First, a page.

Opinion | Healthcare

One thing Americans can't deny: The nation's low life expectancy

The views expressed by contributors are their own and not the view of The Hill

Some Americans may deny climate change, a presidential election outcome, a vaccine's efficacy, war crimes, a domestic insurrection, a mass shooting of children, the nation's racial history, etc. However, one thing that Americans can't deny is the low U.S. life expectancy at birth compared to other advanced countries.  

Among Organization for Economic Cooperation and Development (OECD) countries, U.S. life expectancy does not even appear on the list of the top 20 countries. Countries such as Iceland, Israel, Japan, Norway, Sweden and Switzerland had life expectancies in 2020 that were no less than five years greater than America's figure - i.e., 83 to 85 years of age versus 77 years. Other countries with significantly higher life expectancies than America include Canada, France, Germany, Greece, Italy, Spain and the United Kingdom.

Making U.S. mortality worse, COVID-19 caused about 375,000 deaths during 2020, contributing to a 16 percent increase in the death rate. Of the roughly 3.4 million deaths in 2020, COVID-19 was the third leading cause of death at 11 percent. It was preceded by heart disease and cancer, 21 and 18 percent, respectively, and followed by unintentional injuries, 6 percent, which were the result of drug overdoses, car accidents and falls.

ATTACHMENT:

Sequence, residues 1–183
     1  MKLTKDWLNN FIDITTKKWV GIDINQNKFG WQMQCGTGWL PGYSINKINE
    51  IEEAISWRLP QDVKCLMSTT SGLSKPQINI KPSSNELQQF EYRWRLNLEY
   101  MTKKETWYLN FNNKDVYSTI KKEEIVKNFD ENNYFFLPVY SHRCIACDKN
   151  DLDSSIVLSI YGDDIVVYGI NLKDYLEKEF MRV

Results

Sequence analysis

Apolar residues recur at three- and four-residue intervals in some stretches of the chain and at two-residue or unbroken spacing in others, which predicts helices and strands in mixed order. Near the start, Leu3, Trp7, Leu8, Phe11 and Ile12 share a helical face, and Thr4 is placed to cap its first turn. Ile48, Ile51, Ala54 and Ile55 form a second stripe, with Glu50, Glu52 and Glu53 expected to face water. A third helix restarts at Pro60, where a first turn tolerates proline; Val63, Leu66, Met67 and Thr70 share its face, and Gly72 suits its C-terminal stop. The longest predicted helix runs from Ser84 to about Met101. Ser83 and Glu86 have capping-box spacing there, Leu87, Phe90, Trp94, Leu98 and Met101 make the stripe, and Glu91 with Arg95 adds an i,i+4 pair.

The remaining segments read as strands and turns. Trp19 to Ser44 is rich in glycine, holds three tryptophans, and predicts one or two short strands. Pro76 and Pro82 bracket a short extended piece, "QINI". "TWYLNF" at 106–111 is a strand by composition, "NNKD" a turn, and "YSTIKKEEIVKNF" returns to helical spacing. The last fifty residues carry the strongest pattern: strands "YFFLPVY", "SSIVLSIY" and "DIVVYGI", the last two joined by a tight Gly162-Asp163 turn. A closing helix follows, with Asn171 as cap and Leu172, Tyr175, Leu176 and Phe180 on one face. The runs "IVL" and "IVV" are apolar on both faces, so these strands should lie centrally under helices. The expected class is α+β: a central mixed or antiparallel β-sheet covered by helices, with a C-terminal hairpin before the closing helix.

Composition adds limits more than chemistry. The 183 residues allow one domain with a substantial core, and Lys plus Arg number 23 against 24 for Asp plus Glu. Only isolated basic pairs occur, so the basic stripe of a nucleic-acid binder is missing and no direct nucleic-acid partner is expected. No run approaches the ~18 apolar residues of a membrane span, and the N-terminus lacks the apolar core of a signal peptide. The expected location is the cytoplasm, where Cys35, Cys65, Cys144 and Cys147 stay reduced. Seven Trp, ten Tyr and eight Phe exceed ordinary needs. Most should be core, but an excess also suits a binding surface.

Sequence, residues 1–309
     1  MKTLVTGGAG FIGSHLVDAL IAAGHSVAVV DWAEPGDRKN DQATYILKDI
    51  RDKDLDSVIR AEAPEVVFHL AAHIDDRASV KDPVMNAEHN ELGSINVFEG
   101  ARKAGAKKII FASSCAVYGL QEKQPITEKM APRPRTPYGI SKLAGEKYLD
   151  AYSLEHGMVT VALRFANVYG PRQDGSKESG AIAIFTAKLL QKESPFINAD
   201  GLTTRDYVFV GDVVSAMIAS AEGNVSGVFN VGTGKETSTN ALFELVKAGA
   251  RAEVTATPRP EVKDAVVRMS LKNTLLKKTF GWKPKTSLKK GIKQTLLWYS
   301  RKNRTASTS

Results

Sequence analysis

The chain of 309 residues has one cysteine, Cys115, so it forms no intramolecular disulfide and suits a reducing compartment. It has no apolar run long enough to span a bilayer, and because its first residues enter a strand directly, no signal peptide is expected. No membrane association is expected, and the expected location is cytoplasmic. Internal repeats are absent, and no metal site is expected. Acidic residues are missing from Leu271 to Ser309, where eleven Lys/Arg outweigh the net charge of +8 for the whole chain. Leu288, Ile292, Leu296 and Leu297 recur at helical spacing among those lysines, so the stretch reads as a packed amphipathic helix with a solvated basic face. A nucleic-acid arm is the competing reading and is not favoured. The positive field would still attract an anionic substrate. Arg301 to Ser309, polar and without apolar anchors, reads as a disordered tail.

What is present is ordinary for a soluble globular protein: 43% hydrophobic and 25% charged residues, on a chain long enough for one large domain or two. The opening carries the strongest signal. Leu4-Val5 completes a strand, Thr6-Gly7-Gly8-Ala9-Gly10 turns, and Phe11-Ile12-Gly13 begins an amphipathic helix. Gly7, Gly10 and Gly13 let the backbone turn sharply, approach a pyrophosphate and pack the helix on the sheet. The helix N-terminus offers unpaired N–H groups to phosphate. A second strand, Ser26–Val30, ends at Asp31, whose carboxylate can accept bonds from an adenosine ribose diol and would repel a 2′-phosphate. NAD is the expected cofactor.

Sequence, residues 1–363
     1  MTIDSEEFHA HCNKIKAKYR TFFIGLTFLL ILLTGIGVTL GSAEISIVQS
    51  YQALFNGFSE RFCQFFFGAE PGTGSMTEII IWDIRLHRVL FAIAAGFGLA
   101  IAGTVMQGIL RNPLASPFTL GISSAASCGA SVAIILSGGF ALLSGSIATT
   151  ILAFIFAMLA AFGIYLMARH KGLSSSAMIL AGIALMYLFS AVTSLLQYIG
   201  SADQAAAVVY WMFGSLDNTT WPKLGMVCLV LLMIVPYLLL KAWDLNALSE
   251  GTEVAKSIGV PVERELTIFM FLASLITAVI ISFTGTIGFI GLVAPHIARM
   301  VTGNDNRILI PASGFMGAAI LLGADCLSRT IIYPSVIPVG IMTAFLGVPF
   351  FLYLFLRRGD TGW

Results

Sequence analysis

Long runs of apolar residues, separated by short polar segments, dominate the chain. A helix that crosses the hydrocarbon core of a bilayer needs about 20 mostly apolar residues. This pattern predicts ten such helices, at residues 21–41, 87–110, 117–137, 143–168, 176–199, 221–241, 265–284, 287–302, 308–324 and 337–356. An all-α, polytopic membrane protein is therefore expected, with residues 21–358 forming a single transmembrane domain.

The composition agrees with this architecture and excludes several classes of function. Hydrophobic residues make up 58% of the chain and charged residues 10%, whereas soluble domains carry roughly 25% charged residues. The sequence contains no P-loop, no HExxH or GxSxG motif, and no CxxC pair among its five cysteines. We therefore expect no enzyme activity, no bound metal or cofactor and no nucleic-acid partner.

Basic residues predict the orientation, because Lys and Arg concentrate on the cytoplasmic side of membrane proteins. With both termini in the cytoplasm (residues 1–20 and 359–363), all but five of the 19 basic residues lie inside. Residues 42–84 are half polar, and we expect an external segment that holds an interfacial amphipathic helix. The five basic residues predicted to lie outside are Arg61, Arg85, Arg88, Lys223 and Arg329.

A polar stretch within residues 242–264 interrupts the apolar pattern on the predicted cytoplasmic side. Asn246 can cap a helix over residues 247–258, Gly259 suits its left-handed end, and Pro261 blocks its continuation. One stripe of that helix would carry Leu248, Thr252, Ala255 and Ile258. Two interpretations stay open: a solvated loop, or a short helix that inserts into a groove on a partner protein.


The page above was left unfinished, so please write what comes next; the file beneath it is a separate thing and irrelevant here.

COVID-19 decreased America's life expectancy at birth by a couple of years, resulting in the biggest drop in life expectancy since World War II. The reduction is expected to continue for at least a second successive year.

The fall in life expectancy due to COVID-19 varied significantly among America's major social groups. Between 2019 and 2020, the decreases in life expectancy at birth were about 3 years among Hispanics and Blacks and 1 year among non-Hispanic whites, with the declines generally greater for men than women. 

Since World War II, life expectancies in America and other developed countries have increased considerably largely due to new medicines, improved medical care, increased access to healthcare and improvements in public health and living conditions. 

During the recent past and prior to the pandemic, America's life expectancy diverged from the broad improving levels, increasing by about three fewer years than experienced by comparable advanced countries. After 2010 and before the COVID-19 pandemic, America was the only developed country whose average life expectancy stopped increasing

American males have lower life expectancies than females, with a difference in life expectancy of about five years at birth and two and a half years at age 65. During middle age, men are more likely to die from most causes, including heart disease, which they experience about seven to 10 years earlier than women.  

Considerable regional variation in life expectancy exists across the country. The Southern states, such as Mississippi, West Virginia, Alabama and Kentucky, have the lowest life expectancies at birth of about 75 years. The states with the highest life expectancies at birth of about 81 years are Hawaii, California, Minnesota and New York.